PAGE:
Talking to Kids about Diet and Weight Loss

One of the hardest things to discuss with your child is weight. To most parents, commenting about their child’s weight comes naturally. It’s harmless and may even be part of mealtime conversations. But their comments turn out to do more harm than good. According to a study in Eating and Weight Disorders, children, particularly daughters, are more likely to feel unhappy about their weight if their parents often comment about it. In the study, women between 20 and 35 years old with a healthy body mass index (BMI) were less likely to recall parents commenting about their weight than overweight women.

Conversations and comments about weight are a popular topic on social media as well. But the discussions focus on its negative effects. Many social media users voice the dangers of commenting on someone’s weight, as it’s insensitive and could trigger an eating disorder. But fitness and health professionals feel that it is their responsibility to encourage a healthy weight in people, and they’d like to fulfill that without being labeled a body-shamer. Parents feel the same way. It can be harder for parents because their children expect sympathy and support from them, not shaming.

However, any comment you give your child about their weight can have the opposite effect. So how will you inspire them to get back in shape without sounding derisive?

These dos and don’ts may help you:

DO: Talk about Body Image

Instead of blurting out that your child seems to be gaining weight, open up about body image in general. Ask how they feel about their body, and listen to what they say without interrupting. If they have negative feelings about weight or body type, acknowledge and validate those feelings. Share some insight if you have similar experiences about negative body image. Explain that every person has a different body type, making them unique and perfect just the way they are. And don’t forget to reassure your child that you think they’re beautiful, no matter the size and shape they’re in.

DON’T: Put them on a diet

We understand that you’re concerned about their health. But putting them on a diet won’t help unless it’s a choice they made, and the diet is sustainable and healthy.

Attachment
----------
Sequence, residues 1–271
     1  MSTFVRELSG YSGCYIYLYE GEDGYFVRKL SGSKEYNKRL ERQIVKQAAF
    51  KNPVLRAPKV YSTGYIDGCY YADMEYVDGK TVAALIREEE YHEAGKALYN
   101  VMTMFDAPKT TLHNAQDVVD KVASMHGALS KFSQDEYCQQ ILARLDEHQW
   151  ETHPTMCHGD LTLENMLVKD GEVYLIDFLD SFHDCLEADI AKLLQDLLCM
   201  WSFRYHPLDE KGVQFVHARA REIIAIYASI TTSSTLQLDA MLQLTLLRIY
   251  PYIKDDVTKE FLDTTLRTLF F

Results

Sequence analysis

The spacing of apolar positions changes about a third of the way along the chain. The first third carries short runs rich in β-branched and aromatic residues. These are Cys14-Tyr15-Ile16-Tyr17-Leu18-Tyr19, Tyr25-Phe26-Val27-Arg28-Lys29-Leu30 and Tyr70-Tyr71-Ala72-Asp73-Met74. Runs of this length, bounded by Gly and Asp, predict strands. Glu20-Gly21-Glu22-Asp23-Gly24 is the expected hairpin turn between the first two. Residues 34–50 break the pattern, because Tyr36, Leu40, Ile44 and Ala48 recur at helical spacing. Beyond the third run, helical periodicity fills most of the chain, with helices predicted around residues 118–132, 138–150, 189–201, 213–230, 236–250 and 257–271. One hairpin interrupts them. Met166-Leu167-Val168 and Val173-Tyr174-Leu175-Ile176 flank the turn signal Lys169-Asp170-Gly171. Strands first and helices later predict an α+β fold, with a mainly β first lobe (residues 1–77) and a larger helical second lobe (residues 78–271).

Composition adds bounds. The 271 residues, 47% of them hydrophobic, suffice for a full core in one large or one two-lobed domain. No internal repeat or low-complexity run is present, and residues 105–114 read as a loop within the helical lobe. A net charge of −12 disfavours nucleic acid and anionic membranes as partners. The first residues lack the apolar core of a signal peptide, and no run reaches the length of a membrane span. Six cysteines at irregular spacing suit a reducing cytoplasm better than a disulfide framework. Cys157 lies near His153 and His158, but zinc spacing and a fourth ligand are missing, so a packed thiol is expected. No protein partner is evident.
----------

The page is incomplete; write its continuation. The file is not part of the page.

Even suggesting that they lose weight¬†or go on a diet can be harmful. So avoid depriving them of the food they like or limiting their portions. Similarly, avoid prohibiting them from eating certain foods, like sweets. Restricting a child’s diet and then rewarding their good behavior with indulgent food or more portions increases the likelihood of a negative body image. Overall, don’t interfere with their diet unless they have a chronic or autoimmune disease that requires a specific diet.

DO: Plan the Whole Family’s Meals

If your child can’t stop making unhealthy food choices, compensate for that by making their meals at home healthy. The whole family should eat the same meals for your child to not feel excluded or deprived. By cooking healthy meals, you limit their temptations to go and grab an unhealthy snack.

Planning healthy meals will also allow you to learn about the contents of each food. You’d learn how to reduce calories without sacrificing flavor or portions. And you yourself can be healthier, too.

preparing meal with daughter

DON’T: Play the Blame Game or Force Them to Workout

Even if your child’s weight gain results from their eating habits and lifestyle, avoid pointing fingers at them. Nobody likes being unhappy with their bodies, but it just happens. So don’t shame or tease them about getting bigger; they’re already aware of their size. Don’t force them to work out and promise rewards if they do it. Let them get back in shape at their own pace.

DO: Consider Becoming Their Own Trainer

Becoming a fitness expert yourself can be the ultimate key to helping your child become healthier. With substantial knowledge, your child can turn to you for expert advice about diet and weight loss. You can create health goals together and make achieving them fun. Being a fitness trainer is a rewarding career, though it takes commitment, persistence, and skills. If you think that career is right for you, check out the costs of a personal training certification from esteemed online trainers like Fitness Education Online and the like. If you nail your job, you may even encourage your child to follow your career path and become a health and fitness advocate like you.

However, getting certified as a personal trainer, health coach, or anything alike isn’t an excuse to comment about your child’s weight or restrict their diet. It just makes you a credible source of advice and a qualified trainer. The best way to encourage your children to be healthy is to teach them to love themselves. With self-love, they’ll naturally take care of themselves and manage their health and weight on their own.

SHARE ON:
Scroll to Top